(Greek: magos)

Proper name applied to members of the priestly caste of the Medes, used with specific reference to the wise men from the East who brought gifts to Jesus in Bethlehem. The appearance of a miraculous star caused them to leave the East in search of the king of whuse birth the star was a sign. At the court of Herod the Great in Jerusalem they learned that Bethlehem was to be the place of birth of the expected Messias. The star guided them to the house of the Holy Family in Bethlehem where they offered to the Child Jesus the choicest of Arabian gifts: gold, frankincense, and myrrh. An angel warned them in sleep of Herod's designs upon the Child, so they returned by another route to their country. The Gospel omits to mention the country, the number, and the names of the Magi. The Western Church reputes them to have been three Persians, and a 7th-century tradition names them Gaspar, Melchior, and Balthasar.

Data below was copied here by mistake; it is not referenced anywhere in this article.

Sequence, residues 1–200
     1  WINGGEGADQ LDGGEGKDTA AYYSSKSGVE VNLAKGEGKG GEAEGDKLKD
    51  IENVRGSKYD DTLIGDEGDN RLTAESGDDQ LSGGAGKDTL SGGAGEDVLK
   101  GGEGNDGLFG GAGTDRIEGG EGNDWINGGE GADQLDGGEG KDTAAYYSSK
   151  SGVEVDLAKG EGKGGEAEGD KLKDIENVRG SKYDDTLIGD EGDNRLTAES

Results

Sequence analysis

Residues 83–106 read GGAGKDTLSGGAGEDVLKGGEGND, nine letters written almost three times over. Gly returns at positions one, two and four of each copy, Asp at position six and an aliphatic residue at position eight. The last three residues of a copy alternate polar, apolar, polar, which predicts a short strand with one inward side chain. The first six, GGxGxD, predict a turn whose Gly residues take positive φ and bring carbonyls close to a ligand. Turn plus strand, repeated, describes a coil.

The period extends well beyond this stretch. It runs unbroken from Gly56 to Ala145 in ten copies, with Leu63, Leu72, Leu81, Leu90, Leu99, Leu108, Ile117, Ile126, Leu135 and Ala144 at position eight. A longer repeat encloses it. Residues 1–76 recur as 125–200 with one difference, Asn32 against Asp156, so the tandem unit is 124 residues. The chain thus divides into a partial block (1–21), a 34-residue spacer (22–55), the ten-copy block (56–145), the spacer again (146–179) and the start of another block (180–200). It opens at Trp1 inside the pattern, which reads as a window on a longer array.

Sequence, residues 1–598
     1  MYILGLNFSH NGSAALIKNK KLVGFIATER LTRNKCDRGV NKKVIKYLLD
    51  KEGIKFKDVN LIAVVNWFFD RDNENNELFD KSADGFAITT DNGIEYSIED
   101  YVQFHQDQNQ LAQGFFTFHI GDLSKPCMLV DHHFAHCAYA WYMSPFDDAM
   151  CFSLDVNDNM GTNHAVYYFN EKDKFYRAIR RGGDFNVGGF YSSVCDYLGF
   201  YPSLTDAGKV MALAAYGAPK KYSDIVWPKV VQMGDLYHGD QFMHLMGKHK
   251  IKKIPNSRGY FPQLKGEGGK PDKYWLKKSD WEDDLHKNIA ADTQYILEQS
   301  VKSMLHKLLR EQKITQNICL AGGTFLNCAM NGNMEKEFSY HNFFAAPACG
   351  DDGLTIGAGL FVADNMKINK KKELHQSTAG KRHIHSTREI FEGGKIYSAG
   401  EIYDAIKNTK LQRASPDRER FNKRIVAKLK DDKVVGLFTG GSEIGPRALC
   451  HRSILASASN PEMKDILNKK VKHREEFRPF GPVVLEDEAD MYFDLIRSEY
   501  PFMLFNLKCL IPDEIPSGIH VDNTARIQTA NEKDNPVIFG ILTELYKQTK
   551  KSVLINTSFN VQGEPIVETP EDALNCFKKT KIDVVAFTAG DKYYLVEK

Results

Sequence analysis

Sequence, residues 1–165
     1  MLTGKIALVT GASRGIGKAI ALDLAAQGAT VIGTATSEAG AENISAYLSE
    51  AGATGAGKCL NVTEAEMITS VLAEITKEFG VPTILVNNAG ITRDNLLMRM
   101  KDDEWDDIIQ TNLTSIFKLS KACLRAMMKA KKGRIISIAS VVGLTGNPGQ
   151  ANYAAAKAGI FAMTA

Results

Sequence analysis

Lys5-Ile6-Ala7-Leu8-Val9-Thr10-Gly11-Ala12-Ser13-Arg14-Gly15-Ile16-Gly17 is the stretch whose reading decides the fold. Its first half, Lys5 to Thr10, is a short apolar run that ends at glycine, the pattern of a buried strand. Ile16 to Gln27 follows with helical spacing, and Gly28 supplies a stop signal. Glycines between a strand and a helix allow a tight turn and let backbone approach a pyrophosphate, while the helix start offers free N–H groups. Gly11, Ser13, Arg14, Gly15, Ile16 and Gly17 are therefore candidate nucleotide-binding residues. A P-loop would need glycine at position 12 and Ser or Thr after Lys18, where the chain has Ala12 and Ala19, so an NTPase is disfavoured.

New Catholic Dictionary

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